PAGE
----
By Sarah Downs

I wanted very much to lose myself in Christopher Tajah’s solo show, Under Heaven’s Eyes: the Systemic Systematic Unjustified Killing of Black LivesUnfortunately I found myself unexpectedly non-plussed at the end of it.  Despite the laudable effort and worthy subject matter, the piece falls a bit flat.  The writing meanders, from an inchoate sketch of narrative context that almost immediately recedes as we move on through at times overwritten musings, and eventually a litany of several of the (sadly) numerous examples of violence and injustice meted out to black Americans and Brits in the last century.  Despite some truly poetic moments, it began to feel a little like a cross between a defeatist character portrait and a Wikipedia entry.

As the lights go up Michael Livings is sitting in his disheveled East London flat, having a Zoom meeting with his children studying in the United States.  The sky is dark, and one can hear the wail of a female neighbor nearby.  Michael feels the need to comfort her and yet he remains immobile – stymied by his own pain as the world reacts to the recent murder of George Floyd.  Locked down during the first months of Covid, Livings feels ever more powerless.  He immerses himself in the overwhelming amount of evidence of racist violence toward black people throughout history, and the lack of justice accorded them.  
Not the cheeriest of subjects for someone to preoccupy himself with at the best of times, but the forced incarceration, as it were, of the Covid lockdown has given him too much time and too little to do.  The ranks of suffering crowds his mind.  The material is rich with possibility, but the list does not on its own does not, alas, translate into compelling theater.  Something is missing.  Tajah accesses and shares his emotions so easily, but we need an organizing throughline to keep the material moving.
I also rather expected a political examintion of the extraordinary amount of racist violence suffered by black people to have turned more directly, well, political.  Maybe to include a discussion of the relationship between systemic racism and class jealousy (a fire stoked very easily by unscrupulous ‘leaders’); or the effects of structural poverty, lack of opportunity, insufficient education and even food deserts; or the genesis and effect of ghettoization, and the intentional promulgation of drugs within certain communities.  The tentacles of this beast reach into every corner of our lives.  And yes, it must stop.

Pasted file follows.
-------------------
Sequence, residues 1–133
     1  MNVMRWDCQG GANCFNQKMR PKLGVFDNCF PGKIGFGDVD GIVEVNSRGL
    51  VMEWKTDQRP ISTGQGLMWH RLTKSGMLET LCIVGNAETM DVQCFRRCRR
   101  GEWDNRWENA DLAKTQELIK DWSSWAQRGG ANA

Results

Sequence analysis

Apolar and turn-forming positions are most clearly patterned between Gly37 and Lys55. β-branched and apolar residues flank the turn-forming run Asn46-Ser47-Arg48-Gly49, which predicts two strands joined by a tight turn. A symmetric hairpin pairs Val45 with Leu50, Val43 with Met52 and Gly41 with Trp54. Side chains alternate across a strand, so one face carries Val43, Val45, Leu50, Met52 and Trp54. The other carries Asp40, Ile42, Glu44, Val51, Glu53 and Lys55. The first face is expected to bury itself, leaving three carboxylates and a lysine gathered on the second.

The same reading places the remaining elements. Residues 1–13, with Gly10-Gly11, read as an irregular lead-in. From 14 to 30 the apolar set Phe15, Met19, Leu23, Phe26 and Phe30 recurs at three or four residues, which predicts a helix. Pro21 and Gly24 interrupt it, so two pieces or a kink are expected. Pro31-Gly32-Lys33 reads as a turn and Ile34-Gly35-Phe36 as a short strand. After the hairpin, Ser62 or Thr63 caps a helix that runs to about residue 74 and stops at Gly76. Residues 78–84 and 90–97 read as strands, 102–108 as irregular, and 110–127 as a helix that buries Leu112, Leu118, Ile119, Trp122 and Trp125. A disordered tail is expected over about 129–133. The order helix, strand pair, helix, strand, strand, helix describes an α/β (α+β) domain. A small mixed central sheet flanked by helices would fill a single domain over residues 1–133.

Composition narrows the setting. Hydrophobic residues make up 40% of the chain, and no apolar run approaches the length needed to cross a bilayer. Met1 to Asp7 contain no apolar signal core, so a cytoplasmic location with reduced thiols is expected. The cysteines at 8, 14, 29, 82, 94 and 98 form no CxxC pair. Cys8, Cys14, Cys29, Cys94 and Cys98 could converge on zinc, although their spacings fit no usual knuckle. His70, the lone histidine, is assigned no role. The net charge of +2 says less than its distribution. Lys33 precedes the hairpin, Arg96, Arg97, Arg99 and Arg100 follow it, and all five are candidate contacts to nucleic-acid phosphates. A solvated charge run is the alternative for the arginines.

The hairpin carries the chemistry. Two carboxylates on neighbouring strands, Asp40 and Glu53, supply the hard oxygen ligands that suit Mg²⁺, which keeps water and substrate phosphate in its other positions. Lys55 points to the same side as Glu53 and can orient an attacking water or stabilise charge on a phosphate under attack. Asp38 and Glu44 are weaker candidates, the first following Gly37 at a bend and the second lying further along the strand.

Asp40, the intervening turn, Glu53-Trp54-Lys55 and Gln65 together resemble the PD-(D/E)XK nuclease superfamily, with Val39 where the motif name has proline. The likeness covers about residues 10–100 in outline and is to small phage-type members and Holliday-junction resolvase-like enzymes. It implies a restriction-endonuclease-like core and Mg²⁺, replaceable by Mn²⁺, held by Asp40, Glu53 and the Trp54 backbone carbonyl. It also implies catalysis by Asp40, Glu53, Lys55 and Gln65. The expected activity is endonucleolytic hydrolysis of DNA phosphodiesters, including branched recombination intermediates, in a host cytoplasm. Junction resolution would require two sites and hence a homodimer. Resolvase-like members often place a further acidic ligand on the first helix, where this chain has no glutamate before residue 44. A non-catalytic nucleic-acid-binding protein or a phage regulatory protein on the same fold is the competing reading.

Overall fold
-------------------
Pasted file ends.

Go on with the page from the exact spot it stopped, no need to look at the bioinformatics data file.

Perhaps as a reflection of Livings’ ruminating, the writing goes in fits and starts.  Long pauses interrupt the flow, hampering Tajah’s capacity to build tension.   A lack of context or conceptual parameters gives Tajah as an actor nothing to push against, no piece of theatrical flint to strike.  As Livings’ despair increases it would make sense for him to grow restless, to pace, even to prowl, but he neither digs in nor lashes out.  He is sitting on a powder keg, but the fuse remains unlit.
Mr. Tajah is a fine actor, and would benefit from stronger, more specific direction.  As Livings, he starts the evening forlorn and rarely moves beyond that, even as the play’s tone grows more didactic.  Tajah should give himself room to express his greater range, and get into the heart of that feeling earlier in the piece.  As it is, he saves his best for last, when at the end of the play he takes on the character of Lenny, a Caribbean immigrant to England who endured heinous abuse at the hands of police in 1960’s Leeds.  Tajah’s portrayal of the man’s tragic end resonates with tears, as the political becomes vividly personal.  That’s the spark, but it comes too late.
Under Heaven’s Eyes, written, performed and directed by Christopher Tajah.

Presented by Pulse-Thought-Spirit Theatre Company at the United Solo Festival.  October 3rd at Theatre Row (410 West 42nd Street)